Therapeutic intermittent fasting may help eliminate the need for insulin and other glucose-lowering medications in patients with type 2 diabetes, a new case series suggests.
Findings from three cases were published online October 9 in BMJ Case Reports by Suleiman Furmli, MD, of the Department of Family Medicine at the University of Toronto, Ontario, Canada, and colleagues.
The three patients had all been referred to an intensive dietary management clinic and were taking at least 70 units/day of insulin. After several months of intermittent fasting — either on alternate days or three times weekly — all three were able to discontinue insulin while improving their glycemic control. They also lost substantial amounts of body weight and had reduced waist circumferences.
“Medically supervised, therapeutic fasting regimens can help reverse type 2 diabetes and minimize the use of pharmacological and possibly surgical interventions in patients with type 2 diabetes,” Furmli and colleagues write.
The patients were given 6 hours of training on diabetes and nutrition and specific instructions for fasting. They ate only dinner and consumed unlimited very low-calorie fluids on fasting days, and ate both lunch and dinner on nonfasting days. Low-carbohydrate meals were recommended when eating meals. They followed up with the treating physician every 2 weeks.
Success Times Three
Patient 1 was a 40-year-old man with type 2 diabetes for 20 years who also had hypertension and hypercholesterolemia. At baseline he was taking metformin, canagliflozin, and long- and short-acting insulin. After fasting three times a week for 7 months, he was able to discontinue all the drugs except for canagliflozin, his HbA1c dropped from 12% to 7.5%, his weight was reduced from 84 kg to 74 kg (184 lb to 163 lb), and his weight circumference decreased from 100 cm to 87 cm (43 in to 34 in).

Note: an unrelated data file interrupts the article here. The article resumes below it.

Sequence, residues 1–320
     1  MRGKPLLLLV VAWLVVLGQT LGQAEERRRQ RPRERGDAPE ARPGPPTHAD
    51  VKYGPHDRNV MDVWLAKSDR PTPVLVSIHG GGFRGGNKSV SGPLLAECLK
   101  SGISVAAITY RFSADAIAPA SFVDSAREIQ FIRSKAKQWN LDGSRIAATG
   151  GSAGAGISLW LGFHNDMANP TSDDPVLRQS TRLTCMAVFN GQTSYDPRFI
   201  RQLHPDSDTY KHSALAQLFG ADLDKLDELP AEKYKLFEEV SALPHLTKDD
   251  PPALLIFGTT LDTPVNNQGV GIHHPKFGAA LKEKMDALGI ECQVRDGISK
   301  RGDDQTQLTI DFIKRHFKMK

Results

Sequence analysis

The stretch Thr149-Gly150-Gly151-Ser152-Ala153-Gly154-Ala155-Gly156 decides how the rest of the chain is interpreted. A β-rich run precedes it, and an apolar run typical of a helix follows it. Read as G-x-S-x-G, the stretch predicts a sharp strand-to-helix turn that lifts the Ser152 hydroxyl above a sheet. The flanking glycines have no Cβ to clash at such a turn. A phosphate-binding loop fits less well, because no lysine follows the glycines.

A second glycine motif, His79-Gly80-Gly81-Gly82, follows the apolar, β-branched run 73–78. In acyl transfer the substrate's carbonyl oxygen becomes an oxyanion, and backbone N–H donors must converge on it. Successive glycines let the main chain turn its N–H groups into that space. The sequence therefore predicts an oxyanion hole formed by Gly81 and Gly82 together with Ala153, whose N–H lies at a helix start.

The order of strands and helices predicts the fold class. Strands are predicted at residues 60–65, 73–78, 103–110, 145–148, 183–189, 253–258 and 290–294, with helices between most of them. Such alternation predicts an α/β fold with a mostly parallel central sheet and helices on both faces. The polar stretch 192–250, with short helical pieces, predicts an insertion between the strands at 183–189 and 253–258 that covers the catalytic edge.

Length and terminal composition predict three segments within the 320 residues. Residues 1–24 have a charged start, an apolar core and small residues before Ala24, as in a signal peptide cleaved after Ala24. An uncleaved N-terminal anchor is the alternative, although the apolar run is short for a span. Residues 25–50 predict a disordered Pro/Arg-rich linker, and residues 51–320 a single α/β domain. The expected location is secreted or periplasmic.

He reported having no difficulty with fasting and that he felt “excellent” on fasting days.
Patient 2 was a 52-year-old man with type 2 diabetes for 25 years as well as chronic kidney disease, prior renal cell carcinoma, hypertension, and hypercholesterolemia. He had been taking a fixed-dose insulin mix.
After following the same regimen as patient 1 for 11 months, patient 2 came off the insulin. His HbA1c dropped from 7.2% to 6.0%, his weight was reduced from 61 kg to 50 kg, and his waist circumference fell from 123 cm to 110 cm. He reported feeling “terrific.”
Patient 3, a 67-year-old man with type 2 diabetes for 10 years who also had hypertension and hypercholesterolemia, was taking metformin and pre-mixed insulin. After alternating fasting days for 11 months, he eliminated both diabetes medications, his HbA1c dropped from 6.8% to 6.2%, his weight dropped from 97 kg to 88 kg, and his waist circumference decreased from 123 cm to 110 cm.
He said he found the fasting “easy,” that his carbohydrate cravings had disappeared, and that his energy levels were higher.
“Therapeutic fasting is an underutilized dietary intervention that can provide superior blood glucose reduction compared with standard pharmacological agents,” the authors conclude.